Despite the fact that wages have basically been stagnant while daily expenses such as gasoline have been, shall we say, upwardly mobile, the state continues to rake in record revenue.
Chang Mook Sohn, the state's chief economist, said today that his outlook for tax collections for the 2007-09 biennium shows ever increasing revenues that lawmakers use to pay for public schools, colleges, prison and most other state programs.Yes, it is called a negative savings rate. Spending more than is earned is no big deal anymore. Hey, the government does it all the time, so why shouldn't consumers do it, too?
Despite $3-a-gallon gasoline, consumers are still on a spending spree, Sohn said. That translates into higher sales and real estate tax collections for the state.
However, people are spending more money than they're making, which Sohn finds worrisome because it can't continue indefinitely. Consumers appear to be cashing out some of the value of their homes to fuel their spending, he said.
"Clearly, the consumer is over-extended," Sohn said.
Of course, the fuel for the consumer spending spree (and by extension the state revenue boom) is likely to dry up soon. Surprisingly, Mr. Sohn is very frank about that distinct possibility .
State coffers will swell by more than $959 million over the next three years, erasing a projected state deficit that had worried the governor and legislators.But don't worry, Boeing, Microsoft, Amazon, and Valve will surely pick up every last bit of slack.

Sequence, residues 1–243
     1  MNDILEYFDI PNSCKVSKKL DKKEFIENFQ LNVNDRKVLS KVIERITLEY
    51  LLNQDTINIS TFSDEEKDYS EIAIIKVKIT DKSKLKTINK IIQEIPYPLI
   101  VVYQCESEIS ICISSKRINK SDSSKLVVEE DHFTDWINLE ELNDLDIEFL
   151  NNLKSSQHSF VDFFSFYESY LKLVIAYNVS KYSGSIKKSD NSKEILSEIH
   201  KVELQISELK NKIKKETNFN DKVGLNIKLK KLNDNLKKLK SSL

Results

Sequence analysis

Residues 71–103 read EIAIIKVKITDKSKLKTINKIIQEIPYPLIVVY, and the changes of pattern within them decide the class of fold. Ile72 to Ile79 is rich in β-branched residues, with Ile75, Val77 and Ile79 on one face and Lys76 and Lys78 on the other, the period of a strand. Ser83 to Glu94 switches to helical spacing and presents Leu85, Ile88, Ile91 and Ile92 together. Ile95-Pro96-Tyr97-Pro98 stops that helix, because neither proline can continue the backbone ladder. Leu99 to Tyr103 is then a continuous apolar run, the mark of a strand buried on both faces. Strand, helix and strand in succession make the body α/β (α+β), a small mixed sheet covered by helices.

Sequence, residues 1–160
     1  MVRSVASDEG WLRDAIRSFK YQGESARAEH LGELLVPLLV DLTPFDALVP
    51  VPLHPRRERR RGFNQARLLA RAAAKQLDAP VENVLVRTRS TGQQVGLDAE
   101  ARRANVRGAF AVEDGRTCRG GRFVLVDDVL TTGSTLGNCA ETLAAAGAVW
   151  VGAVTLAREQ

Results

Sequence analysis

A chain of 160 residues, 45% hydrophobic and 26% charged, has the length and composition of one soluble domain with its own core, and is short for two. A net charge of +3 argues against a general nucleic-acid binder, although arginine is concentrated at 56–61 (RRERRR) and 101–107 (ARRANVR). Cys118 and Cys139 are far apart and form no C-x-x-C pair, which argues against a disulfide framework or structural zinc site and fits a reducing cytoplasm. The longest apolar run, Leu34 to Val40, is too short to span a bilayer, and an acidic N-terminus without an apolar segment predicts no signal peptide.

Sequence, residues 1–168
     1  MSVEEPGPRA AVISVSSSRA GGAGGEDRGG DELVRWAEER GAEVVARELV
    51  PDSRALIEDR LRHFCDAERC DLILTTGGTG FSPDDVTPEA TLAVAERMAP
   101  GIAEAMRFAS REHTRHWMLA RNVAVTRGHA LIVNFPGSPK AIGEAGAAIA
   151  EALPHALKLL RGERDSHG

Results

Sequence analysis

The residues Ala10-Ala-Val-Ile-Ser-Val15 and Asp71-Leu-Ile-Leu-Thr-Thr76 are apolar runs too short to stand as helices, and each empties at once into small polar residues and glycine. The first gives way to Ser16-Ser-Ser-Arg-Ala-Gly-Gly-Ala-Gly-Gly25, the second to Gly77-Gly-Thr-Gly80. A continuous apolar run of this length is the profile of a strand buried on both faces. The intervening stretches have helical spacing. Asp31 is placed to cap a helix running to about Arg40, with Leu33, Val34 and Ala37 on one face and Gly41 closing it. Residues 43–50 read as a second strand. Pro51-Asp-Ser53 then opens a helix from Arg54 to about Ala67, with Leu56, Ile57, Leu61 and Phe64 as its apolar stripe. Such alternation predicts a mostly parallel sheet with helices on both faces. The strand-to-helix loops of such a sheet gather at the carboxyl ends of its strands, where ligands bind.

Still, even with that good news, revenue officials raised warning flags, predicting that a slowdown in the construction industry will drag down the state's economic expansion before long.
The state's sizzling construction and housing sector is ripe for a major correction and other factors could hammer the state and national economies in the next few years, said ChangMook Sohn, the state's chief economist.
Sohn said the state isn't expected to dip into a recession, but that signs of a slowdown are on the horizon.
"We can't assume that this hot economy can continue into the next biennium," he told the forecast council, a bipartisan panel of legislative and administration financial experts. "My worry is that even this number could be too optimistic."
His biggest concern is that the state's recent economic and revenue expansion has been heavily dependent on a single sector of the economy, the construction and housing industry.
That sector accounts for about 7 percent of the overall state jobs, but the construction and housing surge in recent years has accounted for 20 percent of the job growth, he said.
That's not sustainable and the number will surely drop back to more usual numbers, he said.
(Joseph Turner, Tacoma News Tribune, 06.15.2006)
(David Ammons, Seattle P-I, 06.16.2006)